The words for this song were sent to Lucy Broadwood in 1904 by Ella Bull who collected many songs in Cottenham from servants of the family.(See Fenlandia CD for some of them.) This text included as part of the Lucy Broadwood papers in the RVWML came from the singing of Charlotte Dann. Unfortunately the tune for this song was not present in the archives. It was marked as “missing”. Imagine the moment of pure joy when I saw in the RVW MS the title There is an alehouse on the page next to other songs contributed to RVW by Charlotte Dann.

5 Brandon Waltz and Bury Waltz

Two very pretty waltzes with local place-names from the William Clarke MS. We have added the harmony parts to them. The Brandon Waltz is number 70 and the Bury Waltz is number 50 in the the collection.(Bury is Bury St Edmunds - not the Lancashire one!)

6 Georgie

The tune Geordie was collected by RVW from Mr Wiltshire of Royston Union on 31st July 1907. Mr Wiltshire is listed in the 1901 census as a 75 year-old native of Fowlmere who had been a shoemaker. The text is from Mr Pamplin, a coprolite digger of Fen Ditton who sang Georgie to a different tune on 10th August 1907. I liked Mr Wiltshire's tune better so I have done a pick-and-mix of the two variants.

7 The Trees They Do Grow High

Sung to RVW by “Ginger” Clayton of Meldreth on 22nd July 1907. The words are also included (in very faint pencil markings) under the tune. I can find no record of Mr Clayton in the vicinity of Meldreth at this time. He may have not been a resident - Meldreth had a number of breweries and he may have been a carter living elsewhere or an itinerant worker who escaped the census.

8 Northern Lass & Northern Frisk

According to Chappell (Popular Music of The Olden Time) this tune from Apollo's Banquet was composed in 1669 during the reign of Charles II. It was arranged for violin from an older pipe tune and was set as an alternative tune for the song The Maid of Doncaster. We were inspired to learn it having heard the version played by Greg Stephens' band Crookfinger Jack. The second tune is one of the old 3/2 hornpipes in John Walsh' Third Book of the Most Celebrated Jigs, Lancashire Hornpipes, Scotch and highland lilts (etc) c1730. It is reprinted in John Offord's John of the Green The Cheshire Way.

9 The Valiant Sailor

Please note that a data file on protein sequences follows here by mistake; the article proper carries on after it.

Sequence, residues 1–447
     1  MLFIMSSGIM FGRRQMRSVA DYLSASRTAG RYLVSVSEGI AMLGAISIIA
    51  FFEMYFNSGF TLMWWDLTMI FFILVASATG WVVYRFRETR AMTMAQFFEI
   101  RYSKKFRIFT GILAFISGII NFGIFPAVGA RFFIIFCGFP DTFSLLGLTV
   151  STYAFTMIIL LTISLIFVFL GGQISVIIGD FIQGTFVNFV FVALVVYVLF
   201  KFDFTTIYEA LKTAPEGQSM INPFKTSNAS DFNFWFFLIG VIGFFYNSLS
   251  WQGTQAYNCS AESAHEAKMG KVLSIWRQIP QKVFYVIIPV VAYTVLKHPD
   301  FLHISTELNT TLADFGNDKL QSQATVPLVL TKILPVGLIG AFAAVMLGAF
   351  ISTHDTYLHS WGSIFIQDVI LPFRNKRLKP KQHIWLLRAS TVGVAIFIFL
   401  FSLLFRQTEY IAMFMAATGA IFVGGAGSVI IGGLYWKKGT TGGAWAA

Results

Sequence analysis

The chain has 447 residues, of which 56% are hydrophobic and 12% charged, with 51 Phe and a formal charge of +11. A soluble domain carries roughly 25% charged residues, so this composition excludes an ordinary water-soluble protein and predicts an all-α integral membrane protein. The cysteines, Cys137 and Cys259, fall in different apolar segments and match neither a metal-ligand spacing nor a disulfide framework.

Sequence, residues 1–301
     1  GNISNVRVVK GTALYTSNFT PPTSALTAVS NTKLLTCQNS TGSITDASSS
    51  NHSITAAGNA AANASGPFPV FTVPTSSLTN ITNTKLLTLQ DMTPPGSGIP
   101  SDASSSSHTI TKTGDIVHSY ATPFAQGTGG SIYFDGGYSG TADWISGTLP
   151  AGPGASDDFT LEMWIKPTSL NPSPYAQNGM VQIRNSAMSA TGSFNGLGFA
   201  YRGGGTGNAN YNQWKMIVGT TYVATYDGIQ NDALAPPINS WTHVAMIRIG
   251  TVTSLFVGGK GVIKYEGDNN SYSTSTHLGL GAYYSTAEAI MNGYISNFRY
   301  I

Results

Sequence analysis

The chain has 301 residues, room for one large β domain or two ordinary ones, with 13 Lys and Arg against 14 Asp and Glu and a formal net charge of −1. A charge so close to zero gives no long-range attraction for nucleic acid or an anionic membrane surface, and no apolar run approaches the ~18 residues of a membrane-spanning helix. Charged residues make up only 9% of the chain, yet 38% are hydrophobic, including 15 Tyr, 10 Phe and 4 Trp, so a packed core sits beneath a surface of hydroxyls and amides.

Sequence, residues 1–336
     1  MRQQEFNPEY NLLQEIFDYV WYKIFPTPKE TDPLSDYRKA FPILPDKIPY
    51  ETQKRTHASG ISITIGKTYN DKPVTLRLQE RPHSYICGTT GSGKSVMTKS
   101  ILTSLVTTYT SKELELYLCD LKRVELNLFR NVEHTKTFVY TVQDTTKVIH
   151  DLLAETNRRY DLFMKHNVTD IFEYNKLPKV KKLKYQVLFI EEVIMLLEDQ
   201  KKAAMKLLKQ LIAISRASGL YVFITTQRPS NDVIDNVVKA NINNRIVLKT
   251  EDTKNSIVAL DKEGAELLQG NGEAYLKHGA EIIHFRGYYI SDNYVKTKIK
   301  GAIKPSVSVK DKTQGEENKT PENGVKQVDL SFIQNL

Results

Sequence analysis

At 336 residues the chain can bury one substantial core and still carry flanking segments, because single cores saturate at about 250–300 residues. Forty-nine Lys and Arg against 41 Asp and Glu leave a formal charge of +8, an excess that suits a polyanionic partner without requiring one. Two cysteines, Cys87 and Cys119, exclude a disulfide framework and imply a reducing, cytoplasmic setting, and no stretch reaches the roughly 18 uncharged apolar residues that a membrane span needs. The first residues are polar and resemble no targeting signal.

Cecil Sharp visited Ely Union in September 1911 and collected a couple of verses of this song, along with the tune, from Charles Warner, a 71 year-old agricultural labourer who had been in and out of the workhouse many times. It is very doubtful if he ever had been to sea. Perhaps the song was wishful thinking on his part. I completed the text from a version collected by RVW from Robert Whitby, the sexton from the village of Tilney All Saints, King's Lynn.

10 Young and Single Sailor

Ida Huckell wrote this song out in sol-fa notation for Lucy Broadwood and sent it via the Bull family. I can find no record of Ida Huckell after the 1891 census. She was 15 in September 1906 when she sent the song to Miss Broadwood. Ida wrote that the song came from a great-aunt, though she does not name her. I do not believe that the song has ever been published. It has a very pretty tune and compares favourably with other versions.

11 La Poole Quadrill and the Recruiting Officer

The first tune is Number 162 in William Clarke's MS. It was originally written in the key of F - not a happy one for many melodeon players. We have transposed it to D. for ease of playing. We team it up with a tune we first heard from melodeon player Danny Gallagher of Essex.. The version we play comes from the Aird collection.

12 Plains of Waterloo and Down with the French

Another song collected by RVW from Fen Ditton, this time from agricultural labourer Harry Mallion, brother of Llewellyn and collected on August 27th 1906..Again only the tune was collected and the words are added from a broadside. We follow it with a jolly tune we like to play at sessions which probably sums up the feelings of the bereaved girl in the song. It can be found in the Winder family manuscripts dating from 1789. They were a farming family from Dolphinholme, Wyresdale, Lancashire who diversified into playing for dances locally.

13 Rosemary Lane

The final song is another from Fen Ditton's Llewellyn Mallion. RVW collected it on August 22nd 1906. Again it was the tune only which he wrote down. I have used a broadside for the words and have constructed a chorus to give audiences a chance for some vocal participation.